Monday 26 March 2018

Yin Yang Master Puzzlebox

I have a simple rule about emails from Robert Yarger: whatever he offers, I say “Yes, please!”. Quickly. So it won’t surprise you, dear reader, that when I heard from Rob that he’d reserved a copy of a joint venture with the late Randal Gatewood for me, that I said “Yes, please!” and duly dispatched some PayPal… but this was a little different. 

Rob had been planning a collaboration with Randal around a new puzzle, but sadly those plans got kiboshed with Randal’s untimely passing. When Rob heard that Randal had been partway through completing a run of 60 copies of his latest puzzle box when he passed away, he hatched a plan with Karin, Randal’s widow, to resurrect the project and complete the run.

Randal had pre-cut most of the parts needed for the run and assembled the puzzle mechanisms for pretty much all of them, so Rob rounded up the unfinished bits and duly set about completing the project and adding a bit of his own touch… and then offering them for sale with the proceeds going to Karin – What an absolute gentleman! 
The resulting puzzles bear both Rob’s ‘Stickman’ and Randal’s ‘Quagmire’ branding - bringing the best of two puzzling legends together in a single puzzle. 

The five-inch cubed padauk box has a wonderfully detailed lid with an inset yin yang symbol and an unusual peg sticking upwards… with maple and purpleheart accents setting off the details rather fetchingly. The yin yang symbol has a couple of shorter pegs in the two halves and your first instinct turns out to be useful… sort of… inasmuch as the symbol will generally turn, but the lid will stay resolutely locked in place…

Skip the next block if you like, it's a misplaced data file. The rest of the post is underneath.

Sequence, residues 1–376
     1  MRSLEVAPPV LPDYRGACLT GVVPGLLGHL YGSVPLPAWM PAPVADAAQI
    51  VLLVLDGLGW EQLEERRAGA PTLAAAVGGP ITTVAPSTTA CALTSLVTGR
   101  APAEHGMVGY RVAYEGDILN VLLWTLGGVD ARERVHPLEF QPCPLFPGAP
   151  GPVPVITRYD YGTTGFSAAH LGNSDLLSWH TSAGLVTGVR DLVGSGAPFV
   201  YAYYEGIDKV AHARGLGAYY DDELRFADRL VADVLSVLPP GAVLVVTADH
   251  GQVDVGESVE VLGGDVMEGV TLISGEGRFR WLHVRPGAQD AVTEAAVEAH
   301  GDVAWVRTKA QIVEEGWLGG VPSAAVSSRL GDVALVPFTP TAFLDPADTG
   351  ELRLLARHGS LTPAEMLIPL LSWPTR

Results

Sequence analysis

It’s not super-hard as a puzzle – Rob describes the solution as “requiring a minimum of at least 7 elusive steps” but it does yield to an inquisitive mind, a sensitive touch and a keen sense of observation. 

Quite a poignant collaboration.

Wednesday 21 March 2018

The Flatliner Deluxe

I quite often find myself raving about Mike Toulouzas’ creations in this blog – he comes up with some fantastic puzzle designs, and then executes them beautifully. Mike’s entries generally stand out in the annual Nob Yoshigahara Puzzle Design Competition and when he’s at an IPP, I generally make a bee-line for his table at the puzzle party in the hopes that he’ll have some spare copies of his latest designs, or that he’ll add me to the ever-growing list of puzzlers who want to order one of his latest creations.

Recently I’ve been fortunate to be able to acquire a few of his older works, swelling the Toulouzas shelf in the puzzle cave a little… all super puzzles that still slide as smoothly as they did when he first made them… Mike’s got skillZ!

Recently Mike popped a couple of interesting looking pictures up on FaceBook – he’d been working on a new incarnation of an old design called Flatliner… then he posted a short video clip of the 3D packing puzzle with typical Mike T touches in the detailing of the box and in the magnet for keeping the lid safe on the side of the box while you’re playing… lovely touch!

Knowing that Mike occasionally sells a few copies of his latest works on Puzzle Paradise I began watching it regularly for updates… none came… but every now and then a new pic or two would be posted, and then a video of Mike signing his name inside the lid… still nada on Paradise…

…and then out of the blue, I get an email from Mike telling me that he’s just posted a copy to me - as a gift – cue dropping jaw, confused grateful email and several offers of payment, all of which get roundly rebuffed – he just wants to give it to me. Cue even more grateful emails, both then and a few days later when it arrives from Greece…

... it’s even better looking in real life.